Justice Courts Public Information Request
Court records are maintained in accordance with Rules of the Supreme Court of Arizona, Rule 29:
Court Records, subsections (A) and (D).
Most records are destroyed once their statutory retention period expires.
Court records are provided in accordance with Arizona Supreme Court Rule 123, ARS §22-281, and §12-304.
Most existent records are public and will be provided, with redactions as required in Rule and Statute.
Looking for case files?
Litigants or other parties wishing to receive case files or recorded proceedings should send the appropriate request form to the proper court.
Which of our 26 courts has jurisdiction over the case? Search here
Get court locations, phone numbers, and email addresses here
Download the request forms here
Bulk Data on Filings
Monthly data is available via CD which is mailed out on or after the 5th day of every month. The disc includes details of all new justice court case
filings and terminations, as well as current detailed information on all pending justice court cases in which activity occurred that month.
This page has sample files of how the data is created.
How much will records cost?
Generally, there is a fee to provide any record. The costs are specified in state law. Some requesters may qualify for a fee deferral or waiver.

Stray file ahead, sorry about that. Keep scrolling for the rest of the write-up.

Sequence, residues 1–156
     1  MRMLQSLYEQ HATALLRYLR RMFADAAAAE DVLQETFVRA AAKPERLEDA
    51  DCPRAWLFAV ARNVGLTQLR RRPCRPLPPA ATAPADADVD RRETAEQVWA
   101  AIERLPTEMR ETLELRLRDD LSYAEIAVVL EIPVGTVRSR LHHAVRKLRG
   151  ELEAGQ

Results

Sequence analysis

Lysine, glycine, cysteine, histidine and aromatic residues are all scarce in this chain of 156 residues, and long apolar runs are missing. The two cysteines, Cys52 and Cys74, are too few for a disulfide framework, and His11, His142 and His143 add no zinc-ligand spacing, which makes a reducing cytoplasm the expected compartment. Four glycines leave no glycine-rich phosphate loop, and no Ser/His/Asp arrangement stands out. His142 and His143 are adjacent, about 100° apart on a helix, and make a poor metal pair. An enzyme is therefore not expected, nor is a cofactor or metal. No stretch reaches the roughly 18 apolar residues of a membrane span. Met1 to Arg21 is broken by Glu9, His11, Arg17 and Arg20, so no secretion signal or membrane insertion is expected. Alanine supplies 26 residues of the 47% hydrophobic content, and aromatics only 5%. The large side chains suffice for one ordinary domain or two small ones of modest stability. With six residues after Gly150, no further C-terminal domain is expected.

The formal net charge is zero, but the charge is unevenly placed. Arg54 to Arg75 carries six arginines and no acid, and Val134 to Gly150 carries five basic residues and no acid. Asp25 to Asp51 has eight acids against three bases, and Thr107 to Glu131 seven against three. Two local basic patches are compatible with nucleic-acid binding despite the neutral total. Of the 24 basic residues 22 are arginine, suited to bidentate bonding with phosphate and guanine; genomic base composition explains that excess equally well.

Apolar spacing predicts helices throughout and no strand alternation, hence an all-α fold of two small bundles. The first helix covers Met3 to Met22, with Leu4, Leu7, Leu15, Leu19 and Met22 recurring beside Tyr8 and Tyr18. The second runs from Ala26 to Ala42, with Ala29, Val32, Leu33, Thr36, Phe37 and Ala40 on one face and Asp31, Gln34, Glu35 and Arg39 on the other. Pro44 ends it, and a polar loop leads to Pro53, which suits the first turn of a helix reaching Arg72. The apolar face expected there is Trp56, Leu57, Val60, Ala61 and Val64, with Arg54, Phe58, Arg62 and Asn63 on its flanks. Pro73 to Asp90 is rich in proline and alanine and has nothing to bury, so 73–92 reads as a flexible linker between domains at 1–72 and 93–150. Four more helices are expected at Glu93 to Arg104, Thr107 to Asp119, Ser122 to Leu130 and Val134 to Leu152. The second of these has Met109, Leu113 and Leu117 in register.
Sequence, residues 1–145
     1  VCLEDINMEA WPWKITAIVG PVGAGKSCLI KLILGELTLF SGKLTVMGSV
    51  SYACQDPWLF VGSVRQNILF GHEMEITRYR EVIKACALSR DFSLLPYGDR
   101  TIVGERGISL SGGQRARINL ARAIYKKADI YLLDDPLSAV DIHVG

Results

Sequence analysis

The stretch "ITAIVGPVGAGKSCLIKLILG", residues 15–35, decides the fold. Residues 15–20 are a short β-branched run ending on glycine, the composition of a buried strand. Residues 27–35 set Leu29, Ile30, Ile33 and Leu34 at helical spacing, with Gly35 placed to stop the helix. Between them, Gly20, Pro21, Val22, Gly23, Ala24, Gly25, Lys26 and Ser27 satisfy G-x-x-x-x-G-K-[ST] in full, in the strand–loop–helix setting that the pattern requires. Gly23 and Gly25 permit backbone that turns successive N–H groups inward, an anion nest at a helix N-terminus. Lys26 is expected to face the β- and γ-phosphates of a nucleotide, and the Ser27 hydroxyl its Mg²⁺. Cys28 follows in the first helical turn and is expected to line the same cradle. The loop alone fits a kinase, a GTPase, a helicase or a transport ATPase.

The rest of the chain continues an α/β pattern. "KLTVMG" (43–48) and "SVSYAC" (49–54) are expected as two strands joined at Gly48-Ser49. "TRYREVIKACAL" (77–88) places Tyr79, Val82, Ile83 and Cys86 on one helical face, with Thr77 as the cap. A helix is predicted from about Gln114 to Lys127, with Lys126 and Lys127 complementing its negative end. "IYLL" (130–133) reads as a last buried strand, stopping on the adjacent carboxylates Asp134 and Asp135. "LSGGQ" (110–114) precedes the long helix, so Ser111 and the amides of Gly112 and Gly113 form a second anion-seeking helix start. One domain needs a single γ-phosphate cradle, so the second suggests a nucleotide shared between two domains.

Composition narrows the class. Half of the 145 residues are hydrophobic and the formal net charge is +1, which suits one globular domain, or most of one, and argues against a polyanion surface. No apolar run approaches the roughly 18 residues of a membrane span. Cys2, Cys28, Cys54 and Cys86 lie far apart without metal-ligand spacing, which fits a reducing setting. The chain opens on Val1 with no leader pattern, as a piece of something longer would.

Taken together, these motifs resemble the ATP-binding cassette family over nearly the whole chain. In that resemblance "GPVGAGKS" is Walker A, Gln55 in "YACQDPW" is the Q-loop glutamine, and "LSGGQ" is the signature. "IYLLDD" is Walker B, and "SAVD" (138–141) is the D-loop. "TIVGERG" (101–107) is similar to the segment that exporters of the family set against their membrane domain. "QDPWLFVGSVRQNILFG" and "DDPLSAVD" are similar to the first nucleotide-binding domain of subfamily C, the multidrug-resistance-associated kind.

Case files: $.50 per page
Certification: $28 per document
Audio/video recordings: $28 per case
Search fee (commercial requesters): $28 for up to 10 files
Bulk data disc: $28 per month
Payment may be made over the phone or by check.
Requests from media, academics, governments, or non-profits should go to the Justice Courts’ Public Information Office: MCJusticeCourts@gmail.com.
All other requests should go to the court with jurisdiction over the case.
Want to listen to or watch a court case?
Courthouses are public places with an expectation of privacy.
The public is welcome to attend any ongoing court proceeding unless deemed confidential, such as some protective orders or juvenile proceedings.
During the COVID-19 pandemic, courthouses are limiting in-person proceedings and most court hearings are being held by phone.
If you are not a party to the case but wish to attend virtual court, please use this request form.
Want to record or photograph a court case?
Per Arizona Supreme Court Rule 122 and 122.1, recording and photography are prohibited in the courthouse without prior approval from the judge.
Requests to bring a recording or photography device should go to the Justice Courts’ Public Information Office: